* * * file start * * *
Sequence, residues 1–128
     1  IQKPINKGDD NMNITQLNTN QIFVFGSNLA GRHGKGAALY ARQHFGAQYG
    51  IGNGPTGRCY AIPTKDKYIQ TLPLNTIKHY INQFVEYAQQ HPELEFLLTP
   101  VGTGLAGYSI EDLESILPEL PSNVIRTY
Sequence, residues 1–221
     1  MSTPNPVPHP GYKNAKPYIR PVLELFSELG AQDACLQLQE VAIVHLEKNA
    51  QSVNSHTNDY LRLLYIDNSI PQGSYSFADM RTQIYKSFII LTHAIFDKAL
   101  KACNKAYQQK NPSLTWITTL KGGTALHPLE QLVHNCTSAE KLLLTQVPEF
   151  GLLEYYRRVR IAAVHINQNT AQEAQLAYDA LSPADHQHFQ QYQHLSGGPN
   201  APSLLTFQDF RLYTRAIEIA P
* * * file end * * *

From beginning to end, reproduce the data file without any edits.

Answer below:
Sequence, residues 1–128
     1  IQKPINKGDD NMNITQLNTN QIFVFGSNLA GRHGKGAALY ARQHFGAQYG
    51  IGNGPTGRCY AIPTKDKYIQ TLPLNTIKHY INQFVEYAQQ HPELEFLLTP
   101  VGTGLAGYSI EDLESILPEL PSNVIRTY
Sequence, residues 1–221
     1  MSTPNPVPHP GYKNAKPYIR PVLELFSELG AQDACLQLQE VAIVHLEKNA
    51  QSVNSHTNDY LRLLYIDNSI PQGSYSFADM RTQIYKSFII LTHAIFDKAL
   101  KACNKAYQQK NPSLTWITTL KGGTALHPLE QLVHNCTSAE KLLLTQVPEF
   151  GLLEYYRRVR IAAVHINQNT AQEAQLAYDA LSPADHQHFQ QYQHLSGGPN
   201  APSLLTFQDF RLYTRAIEIA P